• The Cathedral Group from the Teton Park Road

    Grand Teton

    National Park Wyoming

There are park alerts in effect.
show Alerts »
  • Bears are active in Grand Teton

    Black and grizzly bears are roaming throughout the park--near roads, trails and in backcountry areas. Hikers and backcountry users are advised to travel in groups of three or more, make noise and carry bear spray. Visitors must stay 100 yards from bears. More »

  • Moose-Wilson Road Closure

    The Moose-Wilson Road between Death Canyon Junction north to the intersection with the Murie Center Road is temporarily closed to motor vehicles, bicycles, skating, skateboards and similar devices. For current road conditions call 307-739-3682. More »

  • Multi-use Pathway Closures

    Intermittent closures of the park Multi-use Pathway System will occur through mid-October during asphalt sealing and safety improvement work. Pathway sections will reopen as work is completed. Follow the link for a map and more information. More »

Spring Migration Gets Underway: Give Wildlife a Brake!

elk herd_GV Jct_4
Elk stream northward, almost single file, across sagebrush flats as they migrate from their National Elk Refuge winter range into Grand Teton National Park.
photo taken with IPhone on April 9, 2014

Subscribe RSS Icon | What is RSS
News Release Date: April 10, 2014
Contact: Public Affairs Office, 307.739.3393

With the arrival of spring-like weather and recent snow melt across the sagebrush flats north of Jackson,  animals are now migrating from their winter ranges toward their summering sites within Grand Teton National Park.  Because spring migration is now fully underway, motorists must drive with extra caution during the coming weeks and be alert for wildlife near and along park roadways, such as Highway 26/89/191(Hwy 89). 

Herds of elk recently moved off the National Elk Refuge and have fanned out across the broad sagebrush flats just north of the Gros Ventre River, and numerous elk have scattered across this area while browsing along both sides of Hwy 89. Several moose are currently roaming across the sage flats between the Gros Ventre Junction and Moose Junction, and they regularly cross Hwy 89 in search of forage, especially near Airport Junction.  As the snow recedes, bison and mule deer will also make a transition from their wintering areas to summer ranges.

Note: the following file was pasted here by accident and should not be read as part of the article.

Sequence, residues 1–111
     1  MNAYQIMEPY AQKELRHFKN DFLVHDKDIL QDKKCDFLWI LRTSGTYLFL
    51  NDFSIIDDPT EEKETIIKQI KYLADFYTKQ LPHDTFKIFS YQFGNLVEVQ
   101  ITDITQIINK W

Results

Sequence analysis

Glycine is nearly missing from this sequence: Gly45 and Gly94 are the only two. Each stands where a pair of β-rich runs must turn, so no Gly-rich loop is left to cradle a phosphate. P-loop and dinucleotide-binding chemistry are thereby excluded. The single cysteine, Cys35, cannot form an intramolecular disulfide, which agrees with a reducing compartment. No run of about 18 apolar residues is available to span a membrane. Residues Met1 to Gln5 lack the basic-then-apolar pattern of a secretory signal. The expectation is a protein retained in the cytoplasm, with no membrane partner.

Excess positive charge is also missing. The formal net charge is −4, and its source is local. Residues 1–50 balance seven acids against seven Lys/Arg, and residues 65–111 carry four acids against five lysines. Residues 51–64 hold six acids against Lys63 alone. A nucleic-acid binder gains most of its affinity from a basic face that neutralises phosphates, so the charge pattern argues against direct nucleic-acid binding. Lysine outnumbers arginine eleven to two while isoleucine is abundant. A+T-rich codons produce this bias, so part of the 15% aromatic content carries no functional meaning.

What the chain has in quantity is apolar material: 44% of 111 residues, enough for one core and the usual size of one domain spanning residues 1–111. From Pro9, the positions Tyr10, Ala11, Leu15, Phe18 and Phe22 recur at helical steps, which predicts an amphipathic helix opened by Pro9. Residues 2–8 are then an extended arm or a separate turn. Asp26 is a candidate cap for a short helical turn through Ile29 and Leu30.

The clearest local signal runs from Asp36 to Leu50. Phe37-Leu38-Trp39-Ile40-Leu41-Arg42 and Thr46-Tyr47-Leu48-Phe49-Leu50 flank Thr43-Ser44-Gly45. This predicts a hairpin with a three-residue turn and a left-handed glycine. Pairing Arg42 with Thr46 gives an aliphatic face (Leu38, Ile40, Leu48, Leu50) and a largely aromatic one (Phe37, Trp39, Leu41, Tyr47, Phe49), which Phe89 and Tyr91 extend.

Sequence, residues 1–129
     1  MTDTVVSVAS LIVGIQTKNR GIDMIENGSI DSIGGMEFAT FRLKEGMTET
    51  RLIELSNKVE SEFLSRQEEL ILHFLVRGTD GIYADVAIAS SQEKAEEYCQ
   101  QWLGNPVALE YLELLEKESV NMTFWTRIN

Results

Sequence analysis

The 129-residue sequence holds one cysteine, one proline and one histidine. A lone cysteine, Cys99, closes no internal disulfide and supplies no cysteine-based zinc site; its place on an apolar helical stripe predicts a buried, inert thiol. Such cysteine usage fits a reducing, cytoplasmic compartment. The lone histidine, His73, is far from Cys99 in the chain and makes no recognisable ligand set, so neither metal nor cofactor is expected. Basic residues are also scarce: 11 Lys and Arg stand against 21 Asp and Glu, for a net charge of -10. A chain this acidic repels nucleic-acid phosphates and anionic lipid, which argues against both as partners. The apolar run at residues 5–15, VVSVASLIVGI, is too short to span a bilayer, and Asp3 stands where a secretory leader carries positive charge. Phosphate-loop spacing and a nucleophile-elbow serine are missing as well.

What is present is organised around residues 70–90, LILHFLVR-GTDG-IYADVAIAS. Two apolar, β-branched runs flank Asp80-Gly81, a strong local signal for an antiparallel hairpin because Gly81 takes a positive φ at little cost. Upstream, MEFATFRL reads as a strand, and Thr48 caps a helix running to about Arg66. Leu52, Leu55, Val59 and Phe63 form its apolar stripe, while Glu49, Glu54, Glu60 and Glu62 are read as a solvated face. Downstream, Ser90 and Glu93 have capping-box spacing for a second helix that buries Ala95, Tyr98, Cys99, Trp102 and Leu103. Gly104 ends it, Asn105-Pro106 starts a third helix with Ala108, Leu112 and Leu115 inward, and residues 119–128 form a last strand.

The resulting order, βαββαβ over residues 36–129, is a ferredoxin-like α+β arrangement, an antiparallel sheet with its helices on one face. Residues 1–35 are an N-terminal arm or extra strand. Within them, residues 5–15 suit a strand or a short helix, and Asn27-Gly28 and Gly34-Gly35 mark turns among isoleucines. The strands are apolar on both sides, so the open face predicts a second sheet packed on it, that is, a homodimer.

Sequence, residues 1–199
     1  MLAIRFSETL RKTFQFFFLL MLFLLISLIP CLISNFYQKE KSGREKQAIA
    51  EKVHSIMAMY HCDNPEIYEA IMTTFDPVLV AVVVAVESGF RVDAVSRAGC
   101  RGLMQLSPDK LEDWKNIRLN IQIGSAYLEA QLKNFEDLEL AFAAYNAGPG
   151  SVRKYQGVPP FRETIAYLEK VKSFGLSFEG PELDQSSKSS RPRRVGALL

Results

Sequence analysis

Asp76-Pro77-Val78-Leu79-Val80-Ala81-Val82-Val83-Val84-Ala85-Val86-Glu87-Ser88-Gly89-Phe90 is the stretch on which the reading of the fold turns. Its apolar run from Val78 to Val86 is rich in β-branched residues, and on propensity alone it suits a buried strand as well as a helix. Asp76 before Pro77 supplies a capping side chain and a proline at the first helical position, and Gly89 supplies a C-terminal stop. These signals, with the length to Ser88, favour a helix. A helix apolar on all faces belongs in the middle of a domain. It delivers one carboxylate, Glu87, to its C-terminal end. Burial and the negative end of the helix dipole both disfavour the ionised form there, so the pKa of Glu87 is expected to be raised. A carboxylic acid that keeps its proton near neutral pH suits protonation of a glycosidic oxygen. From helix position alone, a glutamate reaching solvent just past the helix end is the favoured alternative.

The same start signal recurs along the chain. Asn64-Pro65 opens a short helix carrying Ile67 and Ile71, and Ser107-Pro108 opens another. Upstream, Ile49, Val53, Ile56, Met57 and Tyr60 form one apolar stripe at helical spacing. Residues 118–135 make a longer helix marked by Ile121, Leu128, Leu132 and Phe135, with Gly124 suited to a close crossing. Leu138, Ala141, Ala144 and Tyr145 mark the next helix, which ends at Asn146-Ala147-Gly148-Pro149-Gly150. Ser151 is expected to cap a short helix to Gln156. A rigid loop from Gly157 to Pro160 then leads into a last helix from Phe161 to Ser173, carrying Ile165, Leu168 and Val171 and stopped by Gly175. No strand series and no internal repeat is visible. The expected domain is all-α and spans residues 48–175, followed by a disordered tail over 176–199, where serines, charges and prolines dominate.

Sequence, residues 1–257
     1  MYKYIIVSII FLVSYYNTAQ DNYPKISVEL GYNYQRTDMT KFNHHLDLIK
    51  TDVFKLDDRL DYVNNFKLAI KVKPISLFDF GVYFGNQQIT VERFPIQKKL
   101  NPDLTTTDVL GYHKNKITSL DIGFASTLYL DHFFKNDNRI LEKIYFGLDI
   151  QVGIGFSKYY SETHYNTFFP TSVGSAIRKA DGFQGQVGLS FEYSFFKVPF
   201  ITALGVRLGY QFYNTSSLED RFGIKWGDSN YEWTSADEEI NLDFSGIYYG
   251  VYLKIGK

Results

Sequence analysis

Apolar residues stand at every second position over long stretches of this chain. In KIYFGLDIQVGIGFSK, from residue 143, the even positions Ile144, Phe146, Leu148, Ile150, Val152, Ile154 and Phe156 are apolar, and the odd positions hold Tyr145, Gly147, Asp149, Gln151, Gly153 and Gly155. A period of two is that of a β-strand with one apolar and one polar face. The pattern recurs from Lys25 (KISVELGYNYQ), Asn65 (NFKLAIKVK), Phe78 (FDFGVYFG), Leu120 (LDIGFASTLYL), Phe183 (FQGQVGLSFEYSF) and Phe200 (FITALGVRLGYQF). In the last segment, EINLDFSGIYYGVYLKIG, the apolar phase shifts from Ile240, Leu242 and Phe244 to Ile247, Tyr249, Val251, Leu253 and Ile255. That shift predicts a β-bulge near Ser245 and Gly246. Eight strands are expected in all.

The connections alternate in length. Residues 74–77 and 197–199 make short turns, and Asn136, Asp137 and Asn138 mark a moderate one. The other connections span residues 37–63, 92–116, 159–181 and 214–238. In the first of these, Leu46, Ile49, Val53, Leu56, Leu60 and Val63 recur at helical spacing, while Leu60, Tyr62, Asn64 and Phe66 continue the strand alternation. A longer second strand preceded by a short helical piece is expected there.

In past years, many moose have been struck by vehicles and killed on Hwy 89 just south of Moran Junction in an area of dense willows near the confluence of the Snake River and Buffalo Fork River. This section of highway carries a 45 mph speed limit day and night. A nighttime speed limit of 45 mph is posted for the entire length of Hwy 89 within Grand Teton National Park because many animals tend to move during low light conditions and are generally most active between dusk and dawn. Lower speed limits are posted in an effort to slow drivers and reduce vehicle-wildlife collisions. 

Animals are typically weakened from the rigors of a Jackson Hole winter and may be forced to use precious energy whenever startled or disturbed by the presence of vehicles and humans on foot or bicycle. All visitors and local residents should keep their distance from all wildlife, maintaining a distance of 100 yards from bears or wolves and 25 yards from other wildlife, including nesting birds. In fact, public closures will soon be in effect near sage grouse leks throughout the park. Wildlife protection closures may be in place for the next 4-6 weeks while the sage grouse are present. Those who visit these areas must obey the posted closures to reduce disturbance to sage grouse on their seasonal mating locations. 

Motorists are required to drive the posted speed limit and advised to be alert for animals that cross roads unexpectedly. Driving slower than indicated speed limits—especially at night—can increase the margin of safety. Collisions between motor vehicles and wildlife may result in severe damage to the vehicle, serious or fatal injuries to occupants of that vehicle, and/or death for the animal involved.  

Although it may be a cliché, spring migration is a critical time to give wildlife a brake!

Did You Know?

Banded gneiss

Did you know that the granite and gneiss composing the core of the Teton Range are some of the oldest rocks in North America, but the mountains are among the youngest in the world?